Switchblade is a crazy beast. Relatively novice studio Lucid Games is attempting to take on the MOBA market at large, which is filled with some of the heaviest hitters in the industry. Even better, they are driving that momentum with a unique take–instead of a top-down League of Legends format, we see vehicle action more akin to Twisted Metal or Rocket League. While the game is absolutely worth booting up, especially to MOBA newcomers, there is one thing that it is lacking: an audience.

For anyone new to the MOBA scene, the genre focuses on large-scale arenas where teams of five or six charge head on to slay some mobs (smaller CPU creatures), level their character, claim objectives, and knock out opponents. While the Battle Royale scene has overtaken the genre meta from MOBAs, they still maintain a huge following. Some of the most prominent tournaments held yearly are all MOBA based, and at any given time Mixer and Twitch are dominated by players.

That being said, it’s worth noting that almost every MOBA looks very similar to the outside observer. They are typically third-person action based titles which deviate when it comes to metas and abilities. Frankly, it is an impossible market to break into in 2019. Unless, of course, you go for a hail mary and make something out of left field. Similar to how Tetris 99 is redefining what it means to be a Battle Royale game, Switchblade is attempting to offer a different perspective in what a MOBA game is.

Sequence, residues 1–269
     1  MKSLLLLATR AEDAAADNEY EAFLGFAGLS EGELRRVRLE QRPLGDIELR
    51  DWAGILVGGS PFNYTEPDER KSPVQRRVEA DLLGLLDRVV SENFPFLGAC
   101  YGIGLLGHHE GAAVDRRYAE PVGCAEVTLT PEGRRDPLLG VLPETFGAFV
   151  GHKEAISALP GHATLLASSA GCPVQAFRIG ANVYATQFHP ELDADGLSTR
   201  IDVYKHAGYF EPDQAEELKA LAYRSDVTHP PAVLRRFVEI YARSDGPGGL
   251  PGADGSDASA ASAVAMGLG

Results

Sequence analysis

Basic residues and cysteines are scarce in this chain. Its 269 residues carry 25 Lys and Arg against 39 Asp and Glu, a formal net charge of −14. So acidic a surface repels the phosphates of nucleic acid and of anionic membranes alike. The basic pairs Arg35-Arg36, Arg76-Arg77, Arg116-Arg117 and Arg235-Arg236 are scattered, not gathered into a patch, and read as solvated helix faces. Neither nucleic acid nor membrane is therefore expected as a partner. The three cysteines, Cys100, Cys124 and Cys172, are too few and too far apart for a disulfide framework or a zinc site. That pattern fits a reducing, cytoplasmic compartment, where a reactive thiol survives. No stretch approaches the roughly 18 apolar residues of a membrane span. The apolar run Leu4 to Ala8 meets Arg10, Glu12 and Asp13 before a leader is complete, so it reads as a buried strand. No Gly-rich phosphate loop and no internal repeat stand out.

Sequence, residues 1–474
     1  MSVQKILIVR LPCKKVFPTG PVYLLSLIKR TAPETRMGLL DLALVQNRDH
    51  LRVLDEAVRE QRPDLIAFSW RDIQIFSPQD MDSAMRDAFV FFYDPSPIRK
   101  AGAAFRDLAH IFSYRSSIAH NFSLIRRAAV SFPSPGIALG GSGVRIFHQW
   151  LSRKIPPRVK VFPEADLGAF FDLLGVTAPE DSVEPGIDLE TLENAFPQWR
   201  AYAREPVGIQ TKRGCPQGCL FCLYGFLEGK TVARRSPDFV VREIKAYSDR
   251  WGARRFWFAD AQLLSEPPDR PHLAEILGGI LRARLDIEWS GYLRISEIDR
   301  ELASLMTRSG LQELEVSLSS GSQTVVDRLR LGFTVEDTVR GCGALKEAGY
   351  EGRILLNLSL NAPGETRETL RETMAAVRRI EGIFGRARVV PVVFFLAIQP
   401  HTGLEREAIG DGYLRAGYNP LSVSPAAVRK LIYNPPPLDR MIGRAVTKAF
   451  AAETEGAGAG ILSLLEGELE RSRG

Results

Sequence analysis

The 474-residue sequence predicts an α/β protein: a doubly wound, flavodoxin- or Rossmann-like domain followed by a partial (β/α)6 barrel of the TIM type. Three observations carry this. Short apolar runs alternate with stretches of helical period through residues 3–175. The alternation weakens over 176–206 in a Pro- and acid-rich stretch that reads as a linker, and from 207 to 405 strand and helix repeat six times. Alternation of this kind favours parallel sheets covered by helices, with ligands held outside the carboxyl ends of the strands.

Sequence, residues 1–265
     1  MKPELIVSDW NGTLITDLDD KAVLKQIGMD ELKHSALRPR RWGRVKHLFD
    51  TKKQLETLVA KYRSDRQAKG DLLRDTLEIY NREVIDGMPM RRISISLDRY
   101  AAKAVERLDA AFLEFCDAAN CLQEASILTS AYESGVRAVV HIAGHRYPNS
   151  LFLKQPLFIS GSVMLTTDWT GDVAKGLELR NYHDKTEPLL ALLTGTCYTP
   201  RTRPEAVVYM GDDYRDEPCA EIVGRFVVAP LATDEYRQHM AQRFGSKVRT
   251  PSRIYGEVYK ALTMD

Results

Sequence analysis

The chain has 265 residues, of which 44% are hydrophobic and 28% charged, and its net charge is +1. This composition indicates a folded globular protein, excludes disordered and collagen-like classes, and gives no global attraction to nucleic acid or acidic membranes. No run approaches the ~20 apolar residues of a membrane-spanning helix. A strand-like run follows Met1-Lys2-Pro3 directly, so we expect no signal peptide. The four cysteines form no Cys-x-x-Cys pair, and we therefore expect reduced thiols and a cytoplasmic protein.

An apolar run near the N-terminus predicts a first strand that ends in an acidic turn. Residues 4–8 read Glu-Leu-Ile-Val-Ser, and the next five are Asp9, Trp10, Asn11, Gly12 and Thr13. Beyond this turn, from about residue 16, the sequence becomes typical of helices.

While many things are the same between a Dota 2 and Switchblade, there are some major differences — the most significant of which being the fact that everything is a battle car. No more wizards, heroes, or gods — you are swapping out heroes for something more like Sweet Tooth. Truth be told, that alone makes the game far more approachable compared to other more dominating MOBAs. Thanks to headway made by arcadey battle-car games like Rocket League, it is much easier to convince my friends to pick up this game and get them to understand the rules.

Of course, the utilization of vehicles isn’t just cosmetic. Thanks to the newfound mobility, we get to add some speed to a MOBA, even if it is only visual. Some cars and tanks are faster than others, so you have to weigh your options of the 17 available vehicles. Do you want one that can pack a punch or one that can peel out of a messy situation with gusto? Thankfully, players can choose two in the beginning to interchange. With this in mind, the five-player pools always have some nice diversity with ten cars in the rotation.